Reforming brass

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sluggo posted this 5 weeks ago

I am having trouble finding 25-06 brass. (Among other items). I would like to try forming some out of 30-06 brass of which i have a lot of. Should i anneal the brass? Also should i run it through a 270 die first or can i go right to the 25-06 die? Some of this will be for my friends deer rifle with 117 gr. Jacketed bullets. The rest will be for my 25-06 with 87gr. Cast bullets. I have not done much case forming so any help will be appreciated. Thanks.

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John Carlson posted this 5 weeks ago

I have formed several hundred 30-06 brass to 25-06, one step process, much of it military brass plus various commercial brands.  No annealing, I had never heard of such a thing 45 years ago.  

Holding public office should be viewed as an obligation to serve, not an opportunity to rule.

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Bud Hyett posted this 5 weeks ago

Try a few to see what works, select brass of the same headstamp and go forth. Preferably once-fired brass, cleaned and using plenty of lubricant on the neck. Coat the neck over the full length, but not thickly. Do not allow the lubricant within the die to build up as you can get lube dents in the neck/shoulder area. 

I've formed brass going down in neck size without any problems. It's sizing up that gets me into problems. My 6X47 has been a pain, forming .222 Remington or .204 Ruger brass up for it does require annealing.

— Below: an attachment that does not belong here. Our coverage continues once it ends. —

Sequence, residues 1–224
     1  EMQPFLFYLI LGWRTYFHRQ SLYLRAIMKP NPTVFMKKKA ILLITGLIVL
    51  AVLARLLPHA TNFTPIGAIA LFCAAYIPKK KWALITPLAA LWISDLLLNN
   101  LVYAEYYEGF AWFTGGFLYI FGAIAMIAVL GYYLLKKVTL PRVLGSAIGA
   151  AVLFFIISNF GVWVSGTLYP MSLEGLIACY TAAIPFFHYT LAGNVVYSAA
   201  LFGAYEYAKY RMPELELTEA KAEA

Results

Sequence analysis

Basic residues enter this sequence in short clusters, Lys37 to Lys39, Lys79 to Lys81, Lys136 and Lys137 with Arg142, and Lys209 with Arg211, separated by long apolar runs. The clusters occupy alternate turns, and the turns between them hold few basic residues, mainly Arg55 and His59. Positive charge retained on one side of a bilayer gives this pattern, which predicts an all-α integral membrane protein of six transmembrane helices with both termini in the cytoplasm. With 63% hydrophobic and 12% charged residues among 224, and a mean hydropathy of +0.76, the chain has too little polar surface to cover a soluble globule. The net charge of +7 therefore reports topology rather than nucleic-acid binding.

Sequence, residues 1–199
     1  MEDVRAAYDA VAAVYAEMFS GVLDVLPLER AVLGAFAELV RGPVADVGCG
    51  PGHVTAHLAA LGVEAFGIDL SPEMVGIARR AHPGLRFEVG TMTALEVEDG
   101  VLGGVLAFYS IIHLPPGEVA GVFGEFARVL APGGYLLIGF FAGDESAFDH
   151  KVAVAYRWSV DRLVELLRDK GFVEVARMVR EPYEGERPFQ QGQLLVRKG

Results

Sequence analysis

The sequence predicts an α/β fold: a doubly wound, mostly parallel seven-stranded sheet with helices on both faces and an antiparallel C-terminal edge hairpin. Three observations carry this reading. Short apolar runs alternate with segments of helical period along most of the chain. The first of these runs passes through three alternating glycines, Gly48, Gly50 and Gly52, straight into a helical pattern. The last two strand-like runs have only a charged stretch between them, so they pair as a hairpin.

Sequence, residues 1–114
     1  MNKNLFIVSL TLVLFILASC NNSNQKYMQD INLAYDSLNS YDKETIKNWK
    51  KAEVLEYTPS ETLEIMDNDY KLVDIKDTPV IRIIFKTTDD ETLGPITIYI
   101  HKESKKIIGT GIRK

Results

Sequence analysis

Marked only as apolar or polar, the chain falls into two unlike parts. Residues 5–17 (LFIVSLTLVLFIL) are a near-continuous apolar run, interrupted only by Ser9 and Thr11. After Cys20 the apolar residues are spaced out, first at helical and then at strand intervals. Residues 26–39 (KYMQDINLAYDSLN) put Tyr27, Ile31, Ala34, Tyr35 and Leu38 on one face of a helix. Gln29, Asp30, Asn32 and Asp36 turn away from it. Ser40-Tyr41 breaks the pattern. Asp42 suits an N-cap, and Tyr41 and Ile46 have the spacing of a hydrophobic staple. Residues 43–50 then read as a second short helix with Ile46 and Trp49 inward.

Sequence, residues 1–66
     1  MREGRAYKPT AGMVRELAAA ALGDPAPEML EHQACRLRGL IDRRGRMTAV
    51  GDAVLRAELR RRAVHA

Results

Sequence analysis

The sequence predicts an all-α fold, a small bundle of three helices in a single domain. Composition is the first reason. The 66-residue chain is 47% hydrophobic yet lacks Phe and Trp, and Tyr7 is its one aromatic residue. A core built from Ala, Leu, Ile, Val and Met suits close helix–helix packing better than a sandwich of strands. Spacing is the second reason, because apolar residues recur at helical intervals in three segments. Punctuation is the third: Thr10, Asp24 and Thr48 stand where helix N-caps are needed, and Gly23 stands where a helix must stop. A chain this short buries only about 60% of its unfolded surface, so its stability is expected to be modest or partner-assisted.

Farm boy from Illinois, living in the magical Pacific Northwest

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45 2.1 posted this 5 weeks ago

I've formed 30-06 down to 25-06 with little trouble, however forming down the 270 I've acquired required neck turning. Check it before you do a big batch.

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RicinYakima posted this 5 weeks ago

For me, it depends upon the maker of the brass case. Most GI brass is annealed enough you don't have too do that with once fired and never resized. Federal usually works well for me. If reloaded a couple of times, annealing may be a good idea. 

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MarkinEllensburg posted this 4 weeks ago

All of the above. Guess I am lat e to this conversation. I did about 200 cases right before the NT in one step. However I did lube the necks inside and out, sparingly.

Agree it is best to try and see what works for you, your dies, and brass.

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sluggo posted this 4 weeks ago

Thanks everyone for your help. I can over complicate things sometimes. All this good advice should set me in the right direction.

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lotech posted this 4 weeks ago